Subic Bay Vote Won't Halt Debt Plan, Philippines Says

NEW YORK - The Philippines government plans to go through with a $5.3 billion debt reduction agreement despite the refusal by the country's Senate to renew a U.S. lease for the Subic Bay naval station.

Philippine officials had said earlier this month that failure to renew the lease could jeopardise financial support for the debt reduction agreement.

Central bank governor Jose Cuisia said the Senate's rejection meant that the Philippines would probably get around $800 million to $900 million in financing to carry out the agreement, rather than the $1 billion to $1.2 billion it had originally hoped for.

"We are pushing through with the debt deal despite nonratification of the treaty agreement," Mr. Cuisia said in a telephone interview from Manila.

The Philippines needs a minimum of $640 million to implement key portions of the agreement.

Mr. Cuisia said that the Senate's rejection meant that $200 million in annual rent the United States pays for Subic Bay would not be available and that the Philippines will have to scale back plans to purchase a portion of its debt at a discount.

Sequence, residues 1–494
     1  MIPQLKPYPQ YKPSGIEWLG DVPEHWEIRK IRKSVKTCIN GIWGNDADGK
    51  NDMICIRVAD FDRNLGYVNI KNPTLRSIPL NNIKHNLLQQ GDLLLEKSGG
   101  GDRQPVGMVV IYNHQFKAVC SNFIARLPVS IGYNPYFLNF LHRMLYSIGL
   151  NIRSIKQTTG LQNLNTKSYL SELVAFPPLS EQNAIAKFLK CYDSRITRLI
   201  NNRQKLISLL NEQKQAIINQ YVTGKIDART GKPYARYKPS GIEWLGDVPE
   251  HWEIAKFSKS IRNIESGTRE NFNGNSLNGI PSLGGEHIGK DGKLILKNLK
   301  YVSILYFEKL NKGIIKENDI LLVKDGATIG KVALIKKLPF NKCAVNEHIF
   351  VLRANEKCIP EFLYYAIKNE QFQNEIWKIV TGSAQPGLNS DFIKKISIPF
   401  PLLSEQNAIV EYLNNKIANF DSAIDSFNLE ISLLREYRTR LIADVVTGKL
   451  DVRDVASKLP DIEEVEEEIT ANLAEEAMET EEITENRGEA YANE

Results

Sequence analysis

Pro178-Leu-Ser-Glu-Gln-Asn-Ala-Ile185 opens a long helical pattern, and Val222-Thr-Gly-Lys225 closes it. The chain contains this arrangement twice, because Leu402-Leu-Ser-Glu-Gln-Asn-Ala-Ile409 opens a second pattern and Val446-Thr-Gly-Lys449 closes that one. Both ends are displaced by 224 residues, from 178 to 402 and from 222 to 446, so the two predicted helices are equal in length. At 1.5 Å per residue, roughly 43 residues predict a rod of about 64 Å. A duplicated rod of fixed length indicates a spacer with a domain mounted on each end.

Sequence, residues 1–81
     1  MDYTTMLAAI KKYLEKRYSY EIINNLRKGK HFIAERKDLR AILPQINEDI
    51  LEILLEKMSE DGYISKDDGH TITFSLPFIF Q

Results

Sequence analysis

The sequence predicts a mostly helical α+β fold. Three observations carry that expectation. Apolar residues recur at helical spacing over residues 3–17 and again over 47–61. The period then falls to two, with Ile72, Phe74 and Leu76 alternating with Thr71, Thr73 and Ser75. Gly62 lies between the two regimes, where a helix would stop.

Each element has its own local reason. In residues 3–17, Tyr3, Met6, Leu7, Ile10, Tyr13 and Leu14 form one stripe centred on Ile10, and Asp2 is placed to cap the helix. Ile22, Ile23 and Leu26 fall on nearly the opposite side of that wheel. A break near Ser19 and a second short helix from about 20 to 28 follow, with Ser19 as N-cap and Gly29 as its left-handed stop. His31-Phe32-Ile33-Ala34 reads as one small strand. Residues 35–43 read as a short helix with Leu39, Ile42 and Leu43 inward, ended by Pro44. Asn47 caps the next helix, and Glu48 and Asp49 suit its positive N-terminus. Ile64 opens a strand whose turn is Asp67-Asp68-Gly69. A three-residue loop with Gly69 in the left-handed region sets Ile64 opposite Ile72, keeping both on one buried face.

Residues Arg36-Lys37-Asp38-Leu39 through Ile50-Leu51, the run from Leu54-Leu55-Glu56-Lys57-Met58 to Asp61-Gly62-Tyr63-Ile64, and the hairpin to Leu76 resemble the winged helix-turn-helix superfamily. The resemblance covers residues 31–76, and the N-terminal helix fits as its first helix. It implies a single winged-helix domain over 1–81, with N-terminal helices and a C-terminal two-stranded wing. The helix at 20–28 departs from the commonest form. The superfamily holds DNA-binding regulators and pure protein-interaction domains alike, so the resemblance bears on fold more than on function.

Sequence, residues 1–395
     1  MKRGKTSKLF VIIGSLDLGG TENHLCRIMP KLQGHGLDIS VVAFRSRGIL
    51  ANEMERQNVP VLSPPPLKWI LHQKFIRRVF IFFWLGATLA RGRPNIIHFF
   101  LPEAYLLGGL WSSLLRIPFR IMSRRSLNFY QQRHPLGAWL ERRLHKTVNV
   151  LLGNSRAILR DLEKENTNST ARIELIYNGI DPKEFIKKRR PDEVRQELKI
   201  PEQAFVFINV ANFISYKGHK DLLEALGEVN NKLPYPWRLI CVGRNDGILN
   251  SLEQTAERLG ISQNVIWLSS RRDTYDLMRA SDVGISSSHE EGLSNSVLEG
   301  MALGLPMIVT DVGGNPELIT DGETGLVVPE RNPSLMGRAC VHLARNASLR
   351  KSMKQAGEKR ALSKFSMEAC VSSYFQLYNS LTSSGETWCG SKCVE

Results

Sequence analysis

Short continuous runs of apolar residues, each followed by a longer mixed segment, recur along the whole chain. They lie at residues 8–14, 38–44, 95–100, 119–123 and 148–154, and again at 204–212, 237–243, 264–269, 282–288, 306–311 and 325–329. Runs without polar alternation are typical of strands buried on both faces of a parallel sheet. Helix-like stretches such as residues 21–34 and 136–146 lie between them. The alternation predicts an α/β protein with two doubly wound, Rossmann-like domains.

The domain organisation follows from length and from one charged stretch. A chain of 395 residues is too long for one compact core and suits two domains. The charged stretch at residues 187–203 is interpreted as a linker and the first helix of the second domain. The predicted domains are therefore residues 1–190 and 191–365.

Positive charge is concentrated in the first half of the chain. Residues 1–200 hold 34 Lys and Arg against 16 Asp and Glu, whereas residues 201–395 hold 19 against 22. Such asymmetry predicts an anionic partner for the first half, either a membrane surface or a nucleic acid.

But he added that enough financing is being lined up from other sources, including $300 million from Japan and $300 million from the World Bank, for the rest of the agreement to go through.

Agreement with 300 Banks

U.S. and Japanese banks hold the bulk of the $5.3 billion in loans covered by the agreement.

The pact, reached late last month with more than 300 foreign banks permits them to exchange their loans to the Philippines at a discout on principal or interest for Philippine government bonds, provide new financing, or sell their loans back to the country at a discount.

Senior bankers in New York said they expect the agreement to move ahead despite the controversy over Subic Bay.

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